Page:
California voters have passed Proposition 47, a law that will reduce simple drug possession and some property crimes to misdemeanors, with 59 percent of the vote, according to statewide ballot returns. That means, effectively immediately, California joins about a dozen other states across the country with misdemeanor drug possession laws.
The proposition, called The Safe Neighborhoods and Schools Act, calls for the estimated $200 million saved in prison costs each year to fund programs that rehabilitate drug addicts, treat mental health needs, keep kids in school and support crime victims.

"By passing Proposition 47, California voters show that they understand that the policies of the past have failed and that we cannot incarcerate our way to safety," Lenore Anderson, chair of the initiative ballot committee, said in a statement. "Californians do not want to waste any more costly prison space on nonviolent, non-serious offenses."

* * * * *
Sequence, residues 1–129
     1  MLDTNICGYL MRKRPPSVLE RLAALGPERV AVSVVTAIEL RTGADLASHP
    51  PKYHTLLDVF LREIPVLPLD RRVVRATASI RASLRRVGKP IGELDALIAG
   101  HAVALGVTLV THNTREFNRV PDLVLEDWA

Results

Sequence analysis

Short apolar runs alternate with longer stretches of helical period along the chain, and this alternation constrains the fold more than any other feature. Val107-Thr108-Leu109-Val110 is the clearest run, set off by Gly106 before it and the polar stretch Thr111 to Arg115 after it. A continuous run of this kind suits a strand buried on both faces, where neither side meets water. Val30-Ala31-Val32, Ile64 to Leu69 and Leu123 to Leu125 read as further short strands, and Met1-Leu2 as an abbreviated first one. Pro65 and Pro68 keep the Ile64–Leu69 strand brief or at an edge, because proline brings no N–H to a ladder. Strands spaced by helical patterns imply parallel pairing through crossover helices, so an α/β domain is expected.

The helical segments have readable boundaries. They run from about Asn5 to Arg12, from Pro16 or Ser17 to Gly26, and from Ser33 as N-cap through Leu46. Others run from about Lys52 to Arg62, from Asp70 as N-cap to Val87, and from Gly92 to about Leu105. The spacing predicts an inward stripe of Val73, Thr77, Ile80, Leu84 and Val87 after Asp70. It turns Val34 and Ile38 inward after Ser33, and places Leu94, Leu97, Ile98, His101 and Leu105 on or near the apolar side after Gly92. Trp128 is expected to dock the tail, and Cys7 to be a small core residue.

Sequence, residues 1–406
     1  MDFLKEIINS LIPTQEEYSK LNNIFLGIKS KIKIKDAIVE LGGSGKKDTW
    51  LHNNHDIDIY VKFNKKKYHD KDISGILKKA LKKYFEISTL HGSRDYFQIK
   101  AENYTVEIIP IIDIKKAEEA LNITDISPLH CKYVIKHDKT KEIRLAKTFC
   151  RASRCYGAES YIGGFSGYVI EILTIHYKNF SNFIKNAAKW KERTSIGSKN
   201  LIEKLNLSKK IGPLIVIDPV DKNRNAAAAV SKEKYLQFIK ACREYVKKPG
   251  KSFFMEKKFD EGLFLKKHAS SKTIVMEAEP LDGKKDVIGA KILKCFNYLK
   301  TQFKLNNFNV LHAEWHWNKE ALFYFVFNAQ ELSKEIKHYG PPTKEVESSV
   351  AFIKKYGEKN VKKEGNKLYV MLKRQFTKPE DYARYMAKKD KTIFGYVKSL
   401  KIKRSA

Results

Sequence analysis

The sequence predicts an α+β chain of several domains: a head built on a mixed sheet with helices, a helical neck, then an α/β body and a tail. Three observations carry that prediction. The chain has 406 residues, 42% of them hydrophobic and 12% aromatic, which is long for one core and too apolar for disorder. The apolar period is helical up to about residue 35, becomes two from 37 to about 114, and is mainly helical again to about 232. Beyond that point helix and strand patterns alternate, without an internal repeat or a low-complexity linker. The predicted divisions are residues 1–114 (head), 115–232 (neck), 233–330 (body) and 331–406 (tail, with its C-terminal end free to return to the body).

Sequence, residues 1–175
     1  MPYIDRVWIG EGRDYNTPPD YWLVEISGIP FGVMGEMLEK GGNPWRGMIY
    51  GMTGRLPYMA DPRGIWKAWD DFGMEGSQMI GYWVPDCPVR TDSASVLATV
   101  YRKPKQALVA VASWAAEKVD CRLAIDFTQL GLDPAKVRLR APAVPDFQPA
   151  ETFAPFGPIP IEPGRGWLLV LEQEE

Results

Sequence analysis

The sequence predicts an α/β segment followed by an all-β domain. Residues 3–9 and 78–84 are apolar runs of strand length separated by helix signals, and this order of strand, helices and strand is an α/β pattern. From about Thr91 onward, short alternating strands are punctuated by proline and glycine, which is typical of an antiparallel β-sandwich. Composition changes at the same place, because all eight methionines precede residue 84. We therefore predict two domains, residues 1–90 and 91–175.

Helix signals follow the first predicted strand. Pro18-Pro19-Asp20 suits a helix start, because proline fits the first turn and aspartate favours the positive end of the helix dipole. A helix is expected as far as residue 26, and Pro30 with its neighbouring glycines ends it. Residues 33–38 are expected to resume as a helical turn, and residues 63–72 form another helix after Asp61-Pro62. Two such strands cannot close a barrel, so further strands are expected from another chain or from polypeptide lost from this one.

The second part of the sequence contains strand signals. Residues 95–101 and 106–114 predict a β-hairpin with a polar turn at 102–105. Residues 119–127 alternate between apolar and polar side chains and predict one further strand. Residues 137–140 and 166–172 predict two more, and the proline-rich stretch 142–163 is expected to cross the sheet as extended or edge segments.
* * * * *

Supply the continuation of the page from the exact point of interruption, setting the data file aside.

Supporters say the money will be better spent working to keep current and future inmates out of the criminal justice system’s revolving door by providing treatment. It is also a way to comply with the court order the state is under to reduce its prison population.

“The vote clearly shows they want change, and we need to listen to it.”

Besides making drug possession for personal use a misdemeanor, the law also focuses on five property crimes under a value of $950: theft, forgery, writing bad checks, receiving stolen property and shoplifting. A misdemeanor is punishable by up to a year in jail.

In all, about 40,000 people a year are convicted of those six crimes, according to the Legislative Analyst’s Office.

The measure will also allow inmates currently serving time for one of those crimes to ask for resentencing. That could apply to as many as 10,000 inmates.